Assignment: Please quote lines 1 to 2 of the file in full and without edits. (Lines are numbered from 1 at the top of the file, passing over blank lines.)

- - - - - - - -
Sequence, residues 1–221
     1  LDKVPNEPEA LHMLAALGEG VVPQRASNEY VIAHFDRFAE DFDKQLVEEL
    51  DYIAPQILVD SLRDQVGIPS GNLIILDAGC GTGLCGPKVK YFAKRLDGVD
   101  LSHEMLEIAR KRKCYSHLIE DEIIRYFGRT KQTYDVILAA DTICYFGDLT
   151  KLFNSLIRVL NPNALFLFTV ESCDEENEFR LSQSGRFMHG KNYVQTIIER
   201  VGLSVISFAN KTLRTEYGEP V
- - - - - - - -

Sequence, residues 1–221
     1  LDKVPNEPEA LHMLAALGEG VVPQRASNEY VIAHFDRFAE DFDKQLVEEL